Crime, Supernatural and Adventure fiction.
Obscure, Forgotten and Well Worth Reading.
Boo to you too - Shore is certainly Channeling Danny Elfman there (by way of Nino Rota), isn't he?
I'd say it's more like Miklos Rozsa who was the first film score composer to incorporate the theremin in Spellbound (1945) and again in The Lost Weekend in the same year. Shore said that it was the score of The Day the Earth Stood Still (1951) that was his primary influence in choosing a theremin to give the ED WOOD a 50s feel. That score, however, was by Bernard Herrmann. I guess Shore didn't know the theremin was used much earlier and to better effect by Rozsa.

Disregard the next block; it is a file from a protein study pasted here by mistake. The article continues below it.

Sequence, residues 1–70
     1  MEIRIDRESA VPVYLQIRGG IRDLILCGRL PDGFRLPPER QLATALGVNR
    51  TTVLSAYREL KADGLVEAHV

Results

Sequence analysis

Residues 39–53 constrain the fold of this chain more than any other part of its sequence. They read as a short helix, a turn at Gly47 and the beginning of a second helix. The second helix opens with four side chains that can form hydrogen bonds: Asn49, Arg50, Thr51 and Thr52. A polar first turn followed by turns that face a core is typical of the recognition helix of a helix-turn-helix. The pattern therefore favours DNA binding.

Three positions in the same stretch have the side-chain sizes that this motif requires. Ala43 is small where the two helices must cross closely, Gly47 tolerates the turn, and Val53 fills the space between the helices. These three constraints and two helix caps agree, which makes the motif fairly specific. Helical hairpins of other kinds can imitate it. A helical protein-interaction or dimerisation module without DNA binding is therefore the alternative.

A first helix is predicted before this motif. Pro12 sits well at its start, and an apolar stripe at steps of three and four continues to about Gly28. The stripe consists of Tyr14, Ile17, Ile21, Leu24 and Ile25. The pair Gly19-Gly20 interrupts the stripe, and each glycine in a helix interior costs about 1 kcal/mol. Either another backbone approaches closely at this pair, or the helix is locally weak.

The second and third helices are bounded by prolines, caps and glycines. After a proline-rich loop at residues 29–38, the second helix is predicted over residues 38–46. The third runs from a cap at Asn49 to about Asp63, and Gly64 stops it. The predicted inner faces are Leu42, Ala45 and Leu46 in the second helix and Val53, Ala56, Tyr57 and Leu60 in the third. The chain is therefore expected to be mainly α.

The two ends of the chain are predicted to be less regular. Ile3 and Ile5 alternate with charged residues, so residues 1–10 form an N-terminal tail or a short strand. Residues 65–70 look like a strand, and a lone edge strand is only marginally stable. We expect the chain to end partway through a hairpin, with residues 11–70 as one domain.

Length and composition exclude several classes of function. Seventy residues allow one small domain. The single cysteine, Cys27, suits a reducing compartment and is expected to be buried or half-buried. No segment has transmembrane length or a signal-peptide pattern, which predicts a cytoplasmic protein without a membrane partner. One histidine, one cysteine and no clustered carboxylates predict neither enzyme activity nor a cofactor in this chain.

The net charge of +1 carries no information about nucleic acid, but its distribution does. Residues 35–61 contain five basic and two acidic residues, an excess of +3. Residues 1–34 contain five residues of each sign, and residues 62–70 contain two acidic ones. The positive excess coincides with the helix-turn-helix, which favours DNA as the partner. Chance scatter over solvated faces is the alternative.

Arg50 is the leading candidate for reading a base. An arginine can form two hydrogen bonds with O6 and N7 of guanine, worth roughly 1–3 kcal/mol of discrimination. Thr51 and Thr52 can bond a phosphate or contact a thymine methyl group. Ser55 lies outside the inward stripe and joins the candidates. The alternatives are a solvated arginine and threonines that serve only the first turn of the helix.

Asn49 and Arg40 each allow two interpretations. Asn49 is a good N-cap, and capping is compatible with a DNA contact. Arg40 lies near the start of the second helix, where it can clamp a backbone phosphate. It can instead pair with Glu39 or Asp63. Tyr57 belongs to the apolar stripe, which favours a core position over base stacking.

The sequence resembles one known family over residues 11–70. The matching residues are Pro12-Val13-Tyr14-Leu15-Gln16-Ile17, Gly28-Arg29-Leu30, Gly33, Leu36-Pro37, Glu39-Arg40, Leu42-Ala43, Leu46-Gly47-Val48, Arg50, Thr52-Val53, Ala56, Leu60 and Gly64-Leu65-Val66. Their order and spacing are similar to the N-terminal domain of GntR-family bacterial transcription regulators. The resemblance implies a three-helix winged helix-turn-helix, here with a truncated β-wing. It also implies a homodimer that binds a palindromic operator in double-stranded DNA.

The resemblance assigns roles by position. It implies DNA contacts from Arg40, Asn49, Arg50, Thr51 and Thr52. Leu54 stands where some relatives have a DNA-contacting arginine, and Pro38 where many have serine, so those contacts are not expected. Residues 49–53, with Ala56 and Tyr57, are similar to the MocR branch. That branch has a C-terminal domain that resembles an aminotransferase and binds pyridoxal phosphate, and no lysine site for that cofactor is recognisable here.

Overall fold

Actually I prefer Herrmann, but that's just a personal bias of mine (both great composers - along with Korngold, Waxman, Newman, Young, Steiner, Webb ... ah, so much to choose from) - Tiomkin I can mostly live without (is there a theramin in his score for THE THING?
Opening credits of Drag Me To Hell was absolutely amazing. No one can make horror movies like Sam Raimi.